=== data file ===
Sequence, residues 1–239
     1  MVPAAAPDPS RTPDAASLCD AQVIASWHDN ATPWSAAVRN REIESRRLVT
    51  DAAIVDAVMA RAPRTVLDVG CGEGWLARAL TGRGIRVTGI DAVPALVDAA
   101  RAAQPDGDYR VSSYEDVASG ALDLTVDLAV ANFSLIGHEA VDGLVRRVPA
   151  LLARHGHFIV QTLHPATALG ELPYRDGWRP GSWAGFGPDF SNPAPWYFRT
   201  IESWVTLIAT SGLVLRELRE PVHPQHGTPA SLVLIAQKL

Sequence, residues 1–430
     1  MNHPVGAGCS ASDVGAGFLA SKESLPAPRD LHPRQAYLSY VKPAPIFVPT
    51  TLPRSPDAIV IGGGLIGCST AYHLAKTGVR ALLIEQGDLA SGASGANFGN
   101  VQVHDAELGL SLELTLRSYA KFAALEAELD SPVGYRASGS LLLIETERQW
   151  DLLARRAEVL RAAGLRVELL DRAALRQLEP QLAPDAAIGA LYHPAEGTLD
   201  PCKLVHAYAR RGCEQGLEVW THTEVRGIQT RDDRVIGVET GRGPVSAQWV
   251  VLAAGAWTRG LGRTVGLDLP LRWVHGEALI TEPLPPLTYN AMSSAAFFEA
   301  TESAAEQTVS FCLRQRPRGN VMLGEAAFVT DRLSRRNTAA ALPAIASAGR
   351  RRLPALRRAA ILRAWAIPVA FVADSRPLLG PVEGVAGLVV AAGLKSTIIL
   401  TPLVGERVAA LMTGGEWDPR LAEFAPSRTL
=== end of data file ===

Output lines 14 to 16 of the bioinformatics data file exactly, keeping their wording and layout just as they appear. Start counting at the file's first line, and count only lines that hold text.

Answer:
   301  TESAAEQTVS FCLRQRPRGN VMLGEAAFVT DRLSRRNTAA ALPAIASAGR
   351  RRLPALRRAA ILRAWAIPVA FVADSRPLLG PVEGVAGLVV AAGLKSTIIL
   401  TPLVGERVAA LMTGGEWDPR LAEFAPSRTL